Digital is not just your organizational website(s) or Facebook page (though those are two components of digital). Digital should be framed as a transformative enabler that allows organizations to:
- Engage customers in a two-way dialogue
- Change the way your organization delivers products and services
- Collect business intelligence.
Let me expand on each of these points:
Engage Customers in a Two-Way Dialogue
Digital technologies have caused a paradigm shift in the relationship between organizations and consumers. Consumers today are in the driver seat with unprecedented access to information, and their peer groups (e.g. social media, ratings & reviews).
They are no longer satisfied with a paternal relationship where they are told which product or service is best for them. They want to be well-informed and take an active role in the decision-making process. In other words, they want to have a conversation with the provider in arriving at the best solution for them.
This is where digital comes in. It’s not feasible for businesses, particularly the ones in the low margin, mass market, to provide high touch services to every single customer to the nth degree.
Digital enables businesses to create ‘pseudo-conversations’ that meet the customer expectations in scalable ways that make business sense. For example, Sun Life provides educational information, comparison and needs analysis tools to enable prospects to assess their insurance needs.
Some other businesses take it one step further and invite other customers into that dialogue as way to help inform and aid the decision-making process of prospects. For example, the Finnish insurance company, If P&C Insurance, connects 800+ policy holders with prospects so prospects can hear about the experience of existing customers first-hand.
Change the Way Your Organization Delivers Products and Services
Empowered consumers not only want to have a two-way dialogue, they also want to research and purchase products and services wherever and whenever they want through self-service.
Organizations can harness this preference to better meet the customer needs and improve operational efficiencies – a win-win for the business and the customer.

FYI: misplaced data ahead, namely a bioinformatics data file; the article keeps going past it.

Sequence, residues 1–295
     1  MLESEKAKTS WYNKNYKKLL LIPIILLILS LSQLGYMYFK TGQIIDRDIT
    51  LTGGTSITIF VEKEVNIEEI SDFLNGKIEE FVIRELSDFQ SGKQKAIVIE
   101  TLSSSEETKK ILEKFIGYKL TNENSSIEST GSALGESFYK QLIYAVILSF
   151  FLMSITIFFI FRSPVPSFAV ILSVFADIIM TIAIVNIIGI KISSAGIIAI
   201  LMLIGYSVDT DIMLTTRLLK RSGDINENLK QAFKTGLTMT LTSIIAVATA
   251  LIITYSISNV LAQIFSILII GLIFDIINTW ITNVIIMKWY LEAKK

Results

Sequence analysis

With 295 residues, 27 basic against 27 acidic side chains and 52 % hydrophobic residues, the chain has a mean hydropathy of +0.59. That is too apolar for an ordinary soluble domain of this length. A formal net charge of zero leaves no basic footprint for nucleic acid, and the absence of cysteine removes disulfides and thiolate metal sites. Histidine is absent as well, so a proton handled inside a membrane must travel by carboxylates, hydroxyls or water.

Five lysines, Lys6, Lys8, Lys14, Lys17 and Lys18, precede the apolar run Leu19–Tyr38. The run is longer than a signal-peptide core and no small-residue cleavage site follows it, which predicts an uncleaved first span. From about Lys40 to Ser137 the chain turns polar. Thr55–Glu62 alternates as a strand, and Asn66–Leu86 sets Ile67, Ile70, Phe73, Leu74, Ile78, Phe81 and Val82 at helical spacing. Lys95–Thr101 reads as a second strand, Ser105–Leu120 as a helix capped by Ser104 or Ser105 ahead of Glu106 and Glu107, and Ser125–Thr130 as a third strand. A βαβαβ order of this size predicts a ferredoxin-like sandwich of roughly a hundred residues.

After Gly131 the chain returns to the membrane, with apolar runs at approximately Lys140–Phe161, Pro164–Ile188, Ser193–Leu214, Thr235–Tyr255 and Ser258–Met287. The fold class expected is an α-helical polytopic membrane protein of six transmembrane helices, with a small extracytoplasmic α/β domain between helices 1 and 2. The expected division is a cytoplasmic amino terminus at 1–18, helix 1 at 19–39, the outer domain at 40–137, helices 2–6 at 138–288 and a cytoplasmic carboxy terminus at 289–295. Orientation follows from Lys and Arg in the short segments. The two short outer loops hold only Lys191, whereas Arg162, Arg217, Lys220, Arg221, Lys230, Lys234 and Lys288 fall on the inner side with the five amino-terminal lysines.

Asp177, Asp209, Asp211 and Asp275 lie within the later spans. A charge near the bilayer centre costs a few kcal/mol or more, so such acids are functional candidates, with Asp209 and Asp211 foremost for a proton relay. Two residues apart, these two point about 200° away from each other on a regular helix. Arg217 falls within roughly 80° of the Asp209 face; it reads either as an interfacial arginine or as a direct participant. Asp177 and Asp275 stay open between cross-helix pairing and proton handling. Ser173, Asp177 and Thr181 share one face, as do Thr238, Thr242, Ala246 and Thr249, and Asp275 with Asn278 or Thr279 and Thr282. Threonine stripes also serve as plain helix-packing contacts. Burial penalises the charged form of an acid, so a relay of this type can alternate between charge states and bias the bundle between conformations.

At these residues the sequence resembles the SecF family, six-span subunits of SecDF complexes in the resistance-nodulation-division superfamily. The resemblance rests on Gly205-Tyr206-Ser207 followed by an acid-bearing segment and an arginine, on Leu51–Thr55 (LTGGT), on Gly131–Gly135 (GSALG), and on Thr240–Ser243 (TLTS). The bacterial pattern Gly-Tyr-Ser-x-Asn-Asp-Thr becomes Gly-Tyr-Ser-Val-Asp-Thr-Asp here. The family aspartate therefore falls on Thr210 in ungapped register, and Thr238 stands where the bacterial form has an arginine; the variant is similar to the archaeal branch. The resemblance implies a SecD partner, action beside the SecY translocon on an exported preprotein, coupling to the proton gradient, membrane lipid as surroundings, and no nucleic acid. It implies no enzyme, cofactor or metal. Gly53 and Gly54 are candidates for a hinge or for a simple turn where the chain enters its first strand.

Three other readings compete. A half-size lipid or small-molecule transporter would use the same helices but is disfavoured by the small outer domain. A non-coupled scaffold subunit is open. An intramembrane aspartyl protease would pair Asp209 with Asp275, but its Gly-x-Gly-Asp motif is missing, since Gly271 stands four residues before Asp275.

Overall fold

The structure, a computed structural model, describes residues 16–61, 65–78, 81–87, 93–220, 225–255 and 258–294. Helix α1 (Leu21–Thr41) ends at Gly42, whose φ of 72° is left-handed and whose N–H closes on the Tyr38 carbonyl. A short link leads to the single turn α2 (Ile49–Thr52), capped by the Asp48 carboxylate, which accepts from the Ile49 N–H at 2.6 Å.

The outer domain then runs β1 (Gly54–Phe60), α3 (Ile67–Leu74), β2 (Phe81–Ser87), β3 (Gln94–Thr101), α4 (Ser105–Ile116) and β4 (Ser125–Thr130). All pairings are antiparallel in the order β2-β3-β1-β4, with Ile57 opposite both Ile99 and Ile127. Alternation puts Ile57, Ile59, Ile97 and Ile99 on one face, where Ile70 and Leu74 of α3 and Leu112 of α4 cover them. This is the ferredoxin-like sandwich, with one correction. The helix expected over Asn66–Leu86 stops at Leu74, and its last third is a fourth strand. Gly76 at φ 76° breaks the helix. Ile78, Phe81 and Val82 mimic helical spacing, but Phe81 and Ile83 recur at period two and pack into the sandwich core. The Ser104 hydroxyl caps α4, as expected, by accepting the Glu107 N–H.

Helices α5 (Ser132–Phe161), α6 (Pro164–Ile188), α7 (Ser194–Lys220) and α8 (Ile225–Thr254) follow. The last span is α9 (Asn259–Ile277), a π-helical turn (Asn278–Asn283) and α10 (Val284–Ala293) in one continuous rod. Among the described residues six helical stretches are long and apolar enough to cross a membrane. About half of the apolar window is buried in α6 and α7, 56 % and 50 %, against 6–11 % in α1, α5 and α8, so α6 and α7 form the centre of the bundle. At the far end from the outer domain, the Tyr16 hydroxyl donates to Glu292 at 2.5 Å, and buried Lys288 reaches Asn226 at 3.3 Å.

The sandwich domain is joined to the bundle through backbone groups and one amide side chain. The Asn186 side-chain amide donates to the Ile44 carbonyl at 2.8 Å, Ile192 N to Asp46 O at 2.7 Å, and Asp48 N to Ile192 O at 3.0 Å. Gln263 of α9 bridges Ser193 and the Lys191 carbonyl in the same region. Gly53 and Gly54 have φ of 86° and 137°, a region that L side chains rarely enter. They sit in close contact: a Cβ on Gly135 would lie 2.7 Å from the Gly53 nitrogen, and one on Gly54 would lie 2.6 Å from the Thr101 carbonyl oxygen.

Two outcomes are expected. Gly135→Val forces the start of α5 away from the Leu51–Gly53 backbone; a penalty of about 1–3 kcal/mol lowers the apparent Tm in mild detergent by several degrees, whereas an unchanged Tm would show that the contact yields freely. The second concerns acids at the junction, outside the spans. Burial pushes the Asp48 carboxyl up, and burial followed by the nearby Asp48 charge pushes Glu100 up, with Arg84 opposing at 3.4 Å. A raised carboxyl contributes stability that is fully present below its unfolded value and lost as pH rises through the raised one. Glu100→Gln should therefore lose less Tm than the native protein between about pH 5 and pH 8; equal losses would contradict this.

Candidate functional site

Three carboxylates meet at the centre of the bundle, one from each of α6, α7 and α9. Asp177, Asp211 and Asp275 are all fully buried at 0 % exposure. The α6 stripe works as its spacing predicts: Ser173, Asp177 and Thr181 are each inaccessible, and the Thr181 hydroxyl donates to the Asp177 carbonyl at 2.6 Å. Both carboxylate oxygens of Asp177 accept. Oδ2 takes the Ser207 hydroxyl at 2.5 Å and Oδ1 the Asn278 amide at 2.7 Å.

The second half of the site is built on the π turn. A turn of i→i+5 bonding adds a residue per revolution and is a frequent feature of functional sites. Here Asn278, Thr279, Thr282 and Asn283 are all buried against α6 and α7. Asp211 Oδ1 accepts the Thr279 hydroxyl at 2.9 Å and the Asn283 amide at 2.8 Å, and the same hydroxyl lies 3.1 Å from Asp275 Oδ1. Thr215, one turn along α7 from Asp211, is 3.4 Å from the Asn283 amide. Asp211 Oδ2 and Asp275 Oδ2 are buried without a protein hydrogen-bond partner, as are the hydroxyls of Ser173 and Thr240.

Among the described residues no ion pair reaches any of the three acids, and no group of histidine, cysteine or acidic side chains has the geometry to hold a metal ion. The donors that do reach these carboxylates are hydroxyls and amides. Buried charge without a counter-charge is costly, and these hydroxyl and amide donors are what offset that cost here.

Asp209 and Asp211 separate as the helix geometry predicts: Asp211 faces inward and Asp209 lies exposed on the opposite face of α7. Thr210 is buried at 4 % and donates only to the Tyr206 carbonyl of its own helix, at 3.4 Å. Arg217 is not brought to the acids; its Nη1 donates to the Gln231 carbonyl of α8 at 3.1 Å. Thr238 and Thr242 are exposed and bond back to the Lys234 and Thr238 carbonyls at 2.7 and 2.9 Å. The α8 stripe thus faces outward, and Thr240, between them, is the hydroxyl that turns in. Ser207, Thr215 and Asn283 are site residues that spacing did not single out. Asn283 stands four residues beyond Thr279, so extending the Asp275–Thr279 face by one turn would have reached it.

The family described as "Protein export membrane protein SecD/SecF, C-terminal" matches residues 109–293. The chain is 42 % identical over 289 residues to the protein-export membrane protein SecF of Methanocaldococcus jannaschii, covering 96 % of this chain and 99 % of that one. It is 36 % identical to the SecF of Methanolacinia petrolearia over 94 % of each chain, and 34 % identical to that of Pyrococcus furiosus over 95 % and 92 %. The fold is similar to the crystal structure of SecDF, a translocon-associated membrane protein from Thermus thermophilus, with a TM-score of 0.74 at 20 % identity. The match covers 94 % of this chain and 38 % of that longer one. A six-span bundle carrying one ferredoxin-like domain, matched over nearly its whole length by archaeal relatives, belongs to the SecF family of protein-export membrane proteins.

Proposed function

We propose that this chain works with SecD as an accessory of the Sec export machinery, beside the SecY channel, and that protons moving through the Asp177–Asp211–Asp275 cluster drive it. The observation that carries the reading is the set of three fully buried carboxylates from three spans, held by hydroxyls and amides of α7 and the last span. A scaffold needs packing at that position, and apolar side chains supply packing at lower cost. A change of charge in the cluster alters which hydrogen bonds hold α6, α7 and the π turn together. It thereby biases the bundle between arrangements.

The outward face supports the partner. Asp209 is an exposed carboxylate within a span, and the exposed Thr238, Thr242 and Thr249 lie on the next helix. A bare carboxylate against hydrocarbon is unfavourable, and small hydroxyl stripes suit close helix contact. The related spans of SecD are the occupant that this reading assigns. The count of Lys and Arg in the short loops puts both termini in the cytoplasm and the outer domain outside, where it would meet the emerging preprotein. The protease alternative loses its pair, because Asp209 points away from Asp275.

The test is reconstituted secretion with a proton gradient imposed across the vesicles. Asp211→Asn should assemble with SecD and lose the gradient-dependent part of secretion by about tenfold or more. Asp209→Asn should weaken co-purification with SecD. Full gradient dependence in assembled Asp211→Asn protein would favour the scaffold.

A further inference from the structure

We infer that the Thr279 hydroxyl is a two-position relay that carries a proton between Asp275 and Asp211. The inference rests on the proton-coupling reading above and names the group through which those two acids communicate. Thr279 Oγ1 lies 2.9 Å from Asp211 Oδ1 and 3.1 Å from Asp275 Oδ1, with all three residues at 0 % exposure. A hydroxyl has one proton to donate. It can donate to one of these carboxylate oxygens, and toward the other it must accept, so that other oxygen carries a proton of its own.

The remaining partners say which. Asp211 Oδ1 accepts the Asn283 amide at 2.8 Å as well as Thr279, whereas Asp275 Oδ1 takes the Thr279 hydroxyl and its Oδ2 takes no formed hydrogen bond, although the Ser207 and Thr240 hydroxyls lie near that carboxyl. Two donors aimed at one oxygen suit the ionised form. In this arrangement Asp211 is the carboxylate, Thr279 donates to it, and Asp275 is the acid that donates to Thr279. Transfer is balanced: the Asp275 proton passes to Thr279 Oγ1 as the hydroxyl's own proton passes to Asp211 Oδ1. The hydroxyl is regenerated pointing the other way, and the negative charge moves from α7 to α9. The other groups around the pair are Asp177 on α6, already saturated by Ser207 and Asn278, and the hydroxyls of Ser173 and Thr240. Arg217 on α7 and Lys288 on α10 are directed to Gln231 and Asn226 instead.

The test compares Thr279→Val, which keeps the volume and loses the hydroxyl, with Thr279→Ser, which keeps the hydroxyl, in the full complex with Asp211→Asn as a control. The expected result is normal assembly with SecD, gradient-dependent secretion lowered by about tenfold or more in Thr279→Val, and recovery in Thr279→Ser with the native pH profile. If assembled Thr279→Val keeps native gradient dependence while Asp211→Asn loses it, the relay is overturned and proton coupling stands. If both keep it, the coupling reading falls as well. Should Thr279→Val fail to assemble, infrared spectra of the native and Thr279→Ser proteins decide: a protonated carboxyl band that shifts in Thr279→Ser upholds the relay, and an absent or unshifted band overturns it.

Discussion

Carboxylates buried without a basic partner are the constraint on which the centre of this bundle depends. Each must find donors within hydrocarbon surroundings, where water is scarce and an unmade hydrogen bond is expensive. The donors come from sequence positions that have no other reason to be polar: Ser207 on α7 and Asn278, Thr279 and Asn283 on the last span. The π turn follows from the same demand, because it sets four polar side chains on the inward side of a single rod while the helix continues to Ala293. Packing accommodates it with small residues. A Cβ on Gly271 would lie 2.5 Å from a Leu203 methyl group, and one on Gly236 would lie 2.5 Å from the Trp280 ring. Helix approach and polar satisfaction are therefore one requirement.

We already see many businesses harnessing this preference from offline to online. An example in the offline world would be self-service frozen yogurt bars (e.g. Yogurty’s) where customers can choose from a variety of flavours and toppings through self-service – enjoying both variety and valued pricing. Online, companies like Legal Zoom have altered the way they deliver simple legal services (e.g. will, trademark) by enabling customers to self-serve in certain parts of the process (e.g. enter personal information, conduct your own self-assessment through online tools). This allows Legal Zoom to focus their scarce and expensive legal expertise on high value activities, to differentiate themselves from other legal firms and to provide customers with high satisfaction through convenience and value pricing.
We actively work with our clients to find ways to deliver products and services leveraging digital technologies in order to better meet the needs of their customers, to improve operational efficiencies and differentiate from the cluttered marketplace.
Changing the way one does business also includes internal facing processes. For example, Delvinia worked with one of our long-standing financial services clients to develop a marketing portal with conversational mechanisms. Their large marketing and sales force can now more effectively communicate about the marketing material created, with practical mechanisms such as ratings and reviews. The functionalities and analytics on the portal enabled this leading financial services firm to continuously improve its marketing collateral to effectively support its sales team.
Collect Business Intelligence
One of the key strengths of digital is its ability to collect business intelligence affordably, at scale and in real-time. We are now at a point in human history where we can affordably process large amounts of data in real-time and do something meaningful with it quickly.
e-Retailers, with digital and data built into their DNA, are great candidates to learn from. They commonly collect real-time data on their customer preferences and barriers to purchase. For example, Amazon provides recommendations based on your viewing and purchase history. Some e-retailers also send you a message with incentives after you abandon your online shopping cart.
As technology becomes more affordable, we will see opportunities to collect business intelligence in unprecedented ways that help businesses make better decisions faster. For example, companies are increasingly embedding technology into objects (e.g. retail shelf, medication bottles).
These objects will then make data, such as the stock level at retail, available to management, thereby providing insights to facilitate process change, resource optimization, or different ways of communicating.